“Enterprise” refers to all sectors and parties engaged in generating and communicating weather and climate forecasts. The Enterprise includes assets in public, private, and academic sectors, as well as user groups who add value to products such as segments of the media and risk management industry. Because the scope of the committee’s task includes hydrologic prediction in addition to weather and seasonal climate prediction, the committee’s use of “Enterprise” implicitly includes hydrological activities.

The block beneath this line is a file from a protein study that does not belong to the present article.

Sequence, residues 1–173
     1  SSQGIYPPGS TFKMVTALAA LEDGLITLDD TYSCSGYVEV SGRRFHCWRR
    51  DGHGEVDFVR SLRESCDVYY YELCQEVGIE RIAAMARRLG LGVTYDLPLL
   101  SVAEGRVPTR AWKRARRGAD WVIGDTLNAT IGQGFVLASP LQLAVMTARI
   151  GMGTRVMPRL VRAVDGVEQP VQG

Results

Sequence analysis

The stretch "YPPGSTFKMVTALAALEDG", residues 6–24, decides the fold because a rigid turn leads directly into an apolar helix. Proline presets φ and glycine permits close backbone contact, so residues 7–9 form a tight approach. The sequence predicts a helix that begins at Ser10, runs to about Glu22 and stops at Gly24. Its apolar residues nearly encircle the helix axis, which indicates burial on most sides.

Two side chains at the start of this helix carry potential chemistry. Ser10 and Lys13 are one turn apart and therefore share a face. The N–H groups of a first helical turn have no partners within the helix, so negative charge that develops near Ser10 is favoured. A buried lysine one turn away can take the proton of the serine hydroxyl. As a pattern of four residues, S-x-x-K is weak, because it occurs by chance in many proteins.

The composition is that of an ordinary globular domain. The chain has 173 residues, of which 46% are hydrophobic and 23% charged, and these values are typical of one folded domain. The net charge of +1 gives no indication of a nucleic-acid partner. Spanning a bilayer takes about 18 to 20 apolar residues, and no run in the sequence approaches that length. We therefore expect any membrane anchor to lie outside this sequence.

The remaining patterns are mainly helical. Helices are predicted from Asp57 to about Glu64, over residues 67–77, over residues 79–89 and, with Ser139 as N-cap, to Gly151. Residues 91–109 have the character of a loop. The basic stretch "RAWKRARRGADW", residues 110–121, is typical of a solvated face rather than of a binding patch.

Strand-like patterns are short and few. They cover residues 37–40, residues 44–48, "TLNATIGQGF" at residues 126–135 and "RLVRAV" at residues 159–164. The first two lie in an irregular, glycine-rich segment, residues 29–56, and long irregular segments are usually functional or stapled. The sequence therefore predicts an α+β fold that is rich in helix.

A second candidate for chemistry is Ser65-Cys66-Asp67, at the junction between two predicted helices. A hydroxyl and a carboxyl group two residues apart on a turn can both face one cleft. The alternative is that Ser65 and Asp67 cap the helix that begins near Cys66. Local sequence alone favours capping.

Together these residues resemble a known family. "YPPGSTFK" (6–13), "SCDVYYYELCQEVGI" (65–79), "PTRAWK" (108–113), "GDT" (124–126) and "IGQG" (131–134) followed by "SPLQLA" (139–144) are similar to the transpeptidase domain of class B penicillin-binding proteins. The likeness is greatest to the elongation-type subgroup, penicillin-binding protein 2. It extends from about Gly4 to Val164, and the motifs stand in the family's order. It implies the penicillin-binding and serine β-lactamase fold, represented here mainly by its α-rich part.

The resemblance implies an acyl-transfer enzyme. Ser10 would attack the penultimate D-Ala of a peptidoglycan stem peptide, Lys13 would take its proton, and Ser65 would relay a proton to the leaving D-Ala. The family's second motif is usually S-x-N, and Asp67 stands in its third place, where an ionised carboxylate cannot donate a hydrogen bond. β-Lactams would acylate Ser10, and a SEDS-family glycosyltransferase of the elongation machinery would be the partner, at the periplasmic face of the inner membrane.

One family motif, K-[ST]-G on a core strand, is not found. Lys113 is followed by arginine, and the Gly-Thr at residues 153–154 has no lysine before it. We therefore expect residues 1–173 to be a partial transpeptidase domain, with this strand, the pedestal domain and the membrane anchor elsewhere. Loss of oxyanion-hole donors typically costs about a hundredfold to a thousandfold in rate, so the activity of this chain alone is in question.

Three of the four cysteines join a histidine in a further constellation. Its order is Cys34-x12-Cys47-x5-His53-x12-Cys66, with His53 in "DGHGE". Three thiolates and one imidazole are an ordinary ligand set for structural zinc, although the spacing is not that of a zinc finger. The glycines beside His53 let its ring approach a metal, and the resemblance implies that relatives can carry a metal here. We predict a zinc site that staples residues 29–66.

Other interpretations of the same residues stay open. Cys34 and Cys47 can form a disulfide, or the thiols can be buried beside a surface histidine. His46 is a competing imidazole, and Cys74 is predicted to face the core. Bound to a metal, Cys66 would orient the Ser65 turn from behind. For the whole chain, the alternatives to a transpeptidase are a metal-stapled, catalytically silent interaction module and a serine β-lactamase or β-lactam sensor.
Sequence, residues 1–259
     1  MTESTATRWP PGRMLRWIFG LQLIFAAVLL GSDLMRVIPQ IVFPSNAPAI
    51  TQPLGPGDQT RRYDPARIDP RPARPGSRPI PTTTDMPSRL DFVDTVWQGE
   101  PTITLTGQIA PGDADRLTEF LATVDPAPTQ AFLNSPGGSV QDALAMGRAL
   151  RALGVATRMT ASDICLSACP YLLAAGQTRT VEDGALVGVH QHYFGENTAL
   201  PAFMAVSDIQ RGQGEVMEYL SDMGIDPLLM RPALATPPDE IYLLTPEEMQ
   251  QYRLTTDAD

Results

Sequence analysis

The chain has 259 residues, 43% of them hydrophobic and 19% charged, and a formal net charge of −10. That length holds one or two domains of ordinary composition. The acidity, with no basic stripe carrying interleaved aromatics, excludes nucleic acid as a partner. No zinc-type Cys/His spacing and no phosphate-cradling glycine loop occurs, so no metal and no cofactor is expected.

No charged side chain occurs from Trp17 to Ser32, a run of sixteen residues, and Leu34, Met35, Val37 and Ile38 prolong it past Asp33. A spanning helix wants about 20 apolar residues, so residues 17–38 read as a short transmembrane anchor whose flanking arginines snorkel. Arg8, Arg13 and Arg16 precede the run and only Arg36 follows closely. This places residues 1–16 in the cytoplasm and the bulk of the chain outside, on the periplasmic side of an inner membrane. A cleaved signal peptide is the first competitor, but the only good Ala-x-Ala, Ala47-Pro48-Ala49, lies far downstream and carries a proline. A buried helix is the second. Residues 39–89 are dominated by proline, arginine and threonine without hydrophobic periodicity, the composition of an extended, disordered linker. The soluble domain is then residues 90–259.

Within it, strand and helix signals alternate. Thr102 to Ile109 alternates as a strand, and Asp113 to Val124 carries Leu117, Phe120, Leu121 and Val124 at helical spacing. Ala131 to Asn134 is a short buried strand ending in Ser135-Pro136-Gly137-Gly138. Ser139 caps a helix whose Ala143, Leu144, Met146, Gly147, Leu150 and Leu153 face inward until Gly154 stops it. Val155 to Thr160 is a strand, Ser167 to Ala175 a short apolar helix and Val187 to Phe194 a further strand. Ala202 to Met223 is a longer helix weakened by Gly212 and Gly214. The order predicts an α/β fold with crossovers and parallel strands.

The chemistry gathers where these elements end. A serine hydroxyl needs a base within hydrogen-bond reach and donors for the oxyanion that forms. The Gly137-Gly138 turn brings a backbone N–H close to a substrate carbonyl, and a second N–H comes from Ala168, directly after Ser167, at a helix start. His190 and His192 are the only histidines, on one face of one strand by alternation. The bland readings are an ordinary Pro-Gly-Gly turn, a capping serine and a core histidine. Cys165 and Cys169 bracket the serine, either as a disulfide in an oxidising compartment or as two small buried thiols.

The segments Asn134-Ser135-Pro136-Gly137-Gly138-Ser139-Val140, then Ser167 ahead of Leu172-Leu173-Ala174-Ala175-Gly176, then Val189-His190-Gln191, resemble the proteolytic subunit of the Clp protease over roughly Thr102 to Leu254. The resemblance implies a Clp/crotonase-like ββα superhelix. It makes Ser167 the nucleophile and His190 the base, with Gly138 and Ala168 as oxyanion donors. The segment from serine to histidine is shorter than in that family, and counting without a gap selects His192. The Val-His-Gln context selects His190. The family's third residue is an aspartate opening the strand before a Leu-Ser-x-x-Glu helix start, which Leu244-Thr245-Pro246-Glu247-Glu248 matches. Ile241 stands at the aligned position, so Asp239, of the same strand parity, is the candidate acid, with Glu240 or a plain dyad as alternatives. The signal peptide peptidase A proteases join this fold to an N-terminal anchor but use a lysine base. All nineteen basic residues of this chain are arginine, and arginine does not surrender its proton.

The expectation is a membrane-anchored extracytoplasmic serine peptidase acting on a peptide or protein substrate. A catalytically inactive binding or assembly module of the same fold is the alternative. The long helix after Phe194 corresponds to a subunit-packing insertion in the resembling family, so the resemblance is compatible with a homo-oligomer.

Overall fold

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Completing the Forecast: Characterizing and Communicating Uncertainty for Better Decisions Using Weather and Climate Forecasts Summary All prediction is inherently uncertain and effective communication of uncertainty information1 in weather, seasonal climate, and hydrological forecasts benefits users’ decisions (e.g., AMS, 2002; NRC, 2003b). The chaotic character of the atmosphere, coupled with inevitable inadequacies in observations and computer models, results in forecasts that always contain uncertainties. These uncertainties generally increase with forecast lead time and vary with weather situation and location. Uncertainty is thus a fundamental characteristic of weather, seasonal climate, and hydrological prediction, and no forecast is complete without a description of its uncertainty. Nonetheless, for decades, users of weather, seasonal climate, and hydrological (collectively called “hydrometeorological”) forecasts have been conditioned to receive incomplete information about the certainty or likelihood of a particular event. But this has not always been the case. As early as the 19th century, some predictions included qualitative probabilistic2 expressions of uncertainty and were actually called “probabilities” rather than forecasts. By the 20th century, meteorology evolved into what was thought to be a more exact science and predictions became deterministic3 with no expression of uncertainty. The advent of numerical weather prediction around 1950 and its early successes strengthened this deterministic viewpoint, as did improvements in satellite observations and modeling methods in the 1970s and 1980s. Users became comfortable with single-valued forecasts4 and applied their own experience in determining how much confidence to place in the forecast. The evolution of the media as the primary vehicle for conveying weather information in the United States compounded this trend. The inclusion of uncertainty information in a forecast was viewed by some as a weakness or disadvantage instead of supporting a more scientifically sound and useful product. Most forecast products from the weather and climate enterprise (the Enterprise5), including those from the National Oceanic and Atmospheric Administration’s (NOAA’s) National Weather Service (NWS), continue this deterministic legacy. Decisions by users at all levels, but perhaps most critically those associated directly with protection of life and property, are being made without the benefit of knowing the uncertainties of the forecasts upon which they rely. Fortunately this situation can be improved. NWS and others in the Enterprise have recognized the need to view uncertainty as a fundamental part of forecasts. By partnering with other segments of the Enterprise to understand user needs, generate relevant and rich informational products, and utilize effective communication vehicles, NWS can take a leading role in the transition to widespread, effective incorporation of uncertainty information into hydrometeorological predictions. This study explores how to improve the generation, communication, and potential use of uncertainty information for hydrometeorological forecasts and makes recommendations for improvements. The study was requested by NWS in response to ideas in Fair Weather: Effective Partnerships in Weather and Climate Services (NRC, 2003a). In particular, 1  Uncertainty is an overarching term that refers to the condition whereby the state of a system cannot be known unambiguously. Probability is one way of expressing uncertainty. 2  A probabilistic forecast conveys uncertainty in the prediction. The converse is a deterministic forecast, which provides only one prediction of the future state of a system, with no information regarding forecast uncertainty. For example, the track forecast of a hurricane could be represented by a (deterministic) single line or by a cone that more appropriately (and probabilistically) conveys the likely range of forecast tracks. 3  See previous footnote for definition. 4  E.g., “the high will be 70 degrees Farenheit 9 days from now.” 5  “Enterprise” refers to all sectors and parties engaged in generating and communicating weather and climate forecasts. The Enterprise includes assets in public, private, and academic sectors, as well as user groups who add value to products such as segments of the media and risk management industry. Because the scope of the committee’s task includes hydrologic prediction in addition to weather and seasonal climate prediction, the committee’s use of “Enterprise” implicitly includes hydrological activities.